There’s no doubt the police and paramilitary personnel are the unsung heroes of elections but can they be used better?
Shivani Chaturvedi | May 13, 2014
If the general election that got over on Monday (May 12) has to be described in a word, that word has to be ‘watershed’. After all, this, as statistics show, is the election that drew out the most number of people – 55.1 crore, or 66.38 percent of the country’s 83.1-crore electorate.
The respective highs before this were 41.7 crore in 2009 – when the Manmohan Singh government returned for a second term – and 64 percent in 1984, when Rajiv Gandhi became the prime minister after Indira Gandhi’s assassination.
This was also the election where the youth and the otherwise nonchalant urban swellers came out in numbers to vote. But more than anything elese, it was the discourse that had changed for nearly two months, with people talking and discussing polls, politics and parties like never before – all great signs for a thriving democracy.
And then there were the security personnel – the ubiquitous but unsung heroes. According to reports, besides the police, over 2 lakh paramilitary personnel, thousands of vehicles and nearly a dozen helicopters were deployed on poll duty across the country for the nine-phase election that began on April 7.
Like first-time voter Malvika exclaimed, “So big is the presence of police and paramilitary personnel at polling booths on voting days that it looks more like a war than election!”
It was said in jest, of course, and the young voter had all respect for the men and women in uniform who kept it peaceful and fair. But the comment still had food for thought.
In fact, in his latest book ‘An Undocumented Wonder’, former chief election commissioner SY Quraishi has, in one of the chapters, compared election with war time. “When 119 special trains with 3,060 coaches speedily roll out, transporting millions of paramilitary, police and security forces, and dozens of helicopters join the operation performing hundreds of sorties, and eleven million people criss-cross from border to border, anyone would assume that India is at war. Yes, from outside it indeed looks like all-out war but the difference is that this war is waged in peace time by the people themselves, not against an enemy but for the preservation of democracy in a country with 1,163 million citizens and 783 million voters above the age of eighteen years.”
At the launch of Quraishi’s book on May 10 in Chennai, former bureaucrat MG Devasahayam also raised concern over this massive deployment of police and paramilitary forces. “There was a time when a single booth was manned by two constables with lathis to keep a check on practices like booth capturing. Of course mobile policing was there but this time I saw 50 armed police personnel at one booth! Are we conducting elections?” he remarked.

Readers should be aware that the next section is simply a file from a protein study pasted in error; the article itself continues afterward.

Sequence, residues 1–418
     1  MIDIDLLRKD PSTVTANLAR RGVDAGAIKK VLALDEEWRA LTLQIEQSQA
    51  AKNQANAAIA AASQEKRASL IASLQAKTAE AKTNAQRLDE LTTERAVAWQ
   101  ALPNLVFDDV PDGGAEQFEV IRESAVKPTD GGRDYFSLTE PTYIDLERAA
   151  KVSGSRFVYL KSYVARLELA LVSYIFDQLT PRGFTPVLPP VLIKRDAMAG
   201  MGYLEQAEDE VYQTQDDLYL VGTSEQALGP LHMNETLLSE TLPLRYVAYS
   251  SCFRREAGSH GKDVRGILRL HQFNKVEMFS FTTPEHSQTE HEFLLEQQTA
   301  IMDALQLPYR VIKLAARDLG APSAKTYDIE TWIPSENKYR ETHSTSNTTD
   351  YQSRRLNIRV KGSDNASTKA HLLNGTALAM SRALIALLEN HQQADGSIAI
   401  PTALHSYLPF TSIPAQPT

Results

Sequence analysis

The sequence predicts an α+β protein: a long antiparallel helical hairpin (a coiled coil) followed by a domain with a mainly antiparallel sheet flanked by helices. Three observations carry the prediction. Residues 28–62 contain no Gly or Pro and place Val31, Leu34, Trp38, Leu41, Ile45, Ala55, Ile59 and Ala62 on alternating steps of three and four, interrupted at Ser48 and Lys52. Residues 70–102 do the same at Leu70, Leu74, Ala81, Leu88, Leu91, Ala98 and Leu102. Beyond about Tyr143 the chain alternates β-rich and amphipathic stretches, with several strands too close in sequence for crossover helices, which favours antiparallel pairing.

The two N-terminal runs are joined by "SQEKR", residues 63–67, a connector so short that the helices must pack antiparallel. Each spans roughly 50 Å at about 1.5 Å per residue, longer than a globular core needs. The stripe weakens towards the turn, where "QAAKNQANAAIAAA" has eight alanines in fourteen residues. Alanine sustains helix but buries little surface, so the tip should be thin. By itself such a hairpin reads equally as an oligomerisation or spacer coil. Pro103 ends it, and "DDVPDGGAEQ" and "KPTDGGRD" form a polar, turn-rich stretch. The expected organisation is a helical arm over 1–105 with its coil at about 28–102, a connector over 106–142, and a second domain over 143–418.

While there were complaints of booth capturing from many areas in some states, it was even alleged that paramilitary forces were kept in reserve at some places and not deployed at sensitive booths. Instead, just state police were positioned at such booths, allegedly to facilitate booth capturing.
Intrigued, I spoke to an SSB (Sashastra Seema Bal) officer over phone. The officer was posted at Kishanganj, Bihar, for the last phase and had earlier been on election duty in several other states in the preceding eight phases.
So, what exactly do they do, I asked the paramilitary officer. “Our role is very limited,” he replied. “We do whatever the district administration asks of us. If we get any report of booth capturing or violence, we report to the district administration… yeh (electioneering) district administration ki zimmedari hai (it is the district administration’s responsibility).”
From all indications, the election commission has done a remarkable job in the just-concluded polls. But is that more food for thought – how to polish the process further by using the police and paramilitary personnel better?
There were many preventable cancer deaths in 2020 due to lack of medical care and access as the Covid-19 pandemic has shifted the entire attention from these chronic ailments to itself. A patient named Javed Khan, struggling with cancer and on chemotherapy, contracted Covid and he could not get underlying
Ayurveda: The True Way to Restore Your Health and Happiness By Dr. G. G. Gangadharan Ebury/Penguin, 224 pages, Rs 299 Dr G.G. Gangadharan, a champion of Ayurveda for three and a half decades, has penned an introductory book on India’s ancient
The ‘Mumbai Model’, which helped the city beat Covid-19, came in for praise from the supreme court too. The BMC can now extend that model of decentralisation for more efficiency in day-to-day citizen services and to make Mumbai a better-managed and future-ready city, says the Praja Foundation.
Though there is no weekly viewership data for individual news channels coming since mid-October 2020, after allegations of manipulation of television rating points (TRPs) by three news channels, percentage of viewers watching news across the world doubled during lockdown. According to Avinash Pandey, CEO,
A team of the Delhi government’s health department has visited Mumbai to learn from the city’s officials how to battle Covid-19 more efficiently, following the supreme court’s advice last month that the capital should learn from the ‘Mumbai model’ that has successfully control
The World Happiness Report, one of the best tools for evaluating global happiness, is based on how ecstatic people perceive themselves to be. It considers six characteristics to rank countries on overall happiness: GDP per capita, social support, life expectancy, freedom to make choices, generosity, and pe